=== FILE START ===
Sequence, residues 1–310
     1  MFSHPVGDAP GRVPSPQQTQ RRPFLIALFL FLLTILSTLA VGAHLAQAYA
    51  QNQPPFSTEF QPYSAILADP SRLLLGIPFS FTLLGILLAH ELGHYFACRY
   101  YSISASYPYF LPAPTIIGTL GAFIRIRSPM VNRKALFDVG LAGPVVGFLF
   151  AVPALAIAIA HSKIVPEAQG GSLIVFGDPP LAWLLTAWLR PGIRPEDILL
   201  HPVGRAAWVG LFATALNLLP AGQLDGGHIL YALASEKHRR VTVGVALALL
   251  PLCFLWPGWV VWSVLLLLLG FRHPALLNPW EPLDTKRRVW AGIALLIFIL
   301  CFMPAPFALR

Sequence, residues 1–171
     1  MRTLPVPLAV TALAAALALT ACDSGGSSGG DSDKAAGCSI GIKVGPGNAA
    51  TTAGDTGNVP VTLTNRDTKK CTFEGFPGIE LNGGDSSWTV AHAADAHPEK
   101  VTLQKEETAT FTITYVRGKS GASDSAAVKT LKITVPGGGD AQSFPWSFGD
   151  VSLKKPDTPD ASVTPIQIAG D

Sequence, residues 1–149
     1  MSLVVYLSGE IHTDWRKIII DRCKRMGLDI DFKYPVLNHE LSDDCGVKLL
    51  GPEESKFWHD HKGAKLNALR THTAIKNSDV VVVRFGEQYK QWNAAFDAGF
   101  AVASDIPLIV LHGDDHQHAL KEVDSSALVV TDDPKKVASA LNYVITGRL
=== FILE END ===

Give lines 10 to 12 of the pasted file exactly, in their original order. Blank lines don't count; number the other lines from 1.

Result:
     1  MRTLPVPLAV TALAAALALT ACDSGGSSGG DSDKAAGCSI GIKVGPGNAA
    51  TTAGDTGNVP VTLTNRDTKK CTFEGFPGIE LNGGDSSWTV AHAADAHPEK
   101  VTLQKEETAT FTITYVRGKS GASDSAAVKT LKITVPGGGD AQSFPWSFGD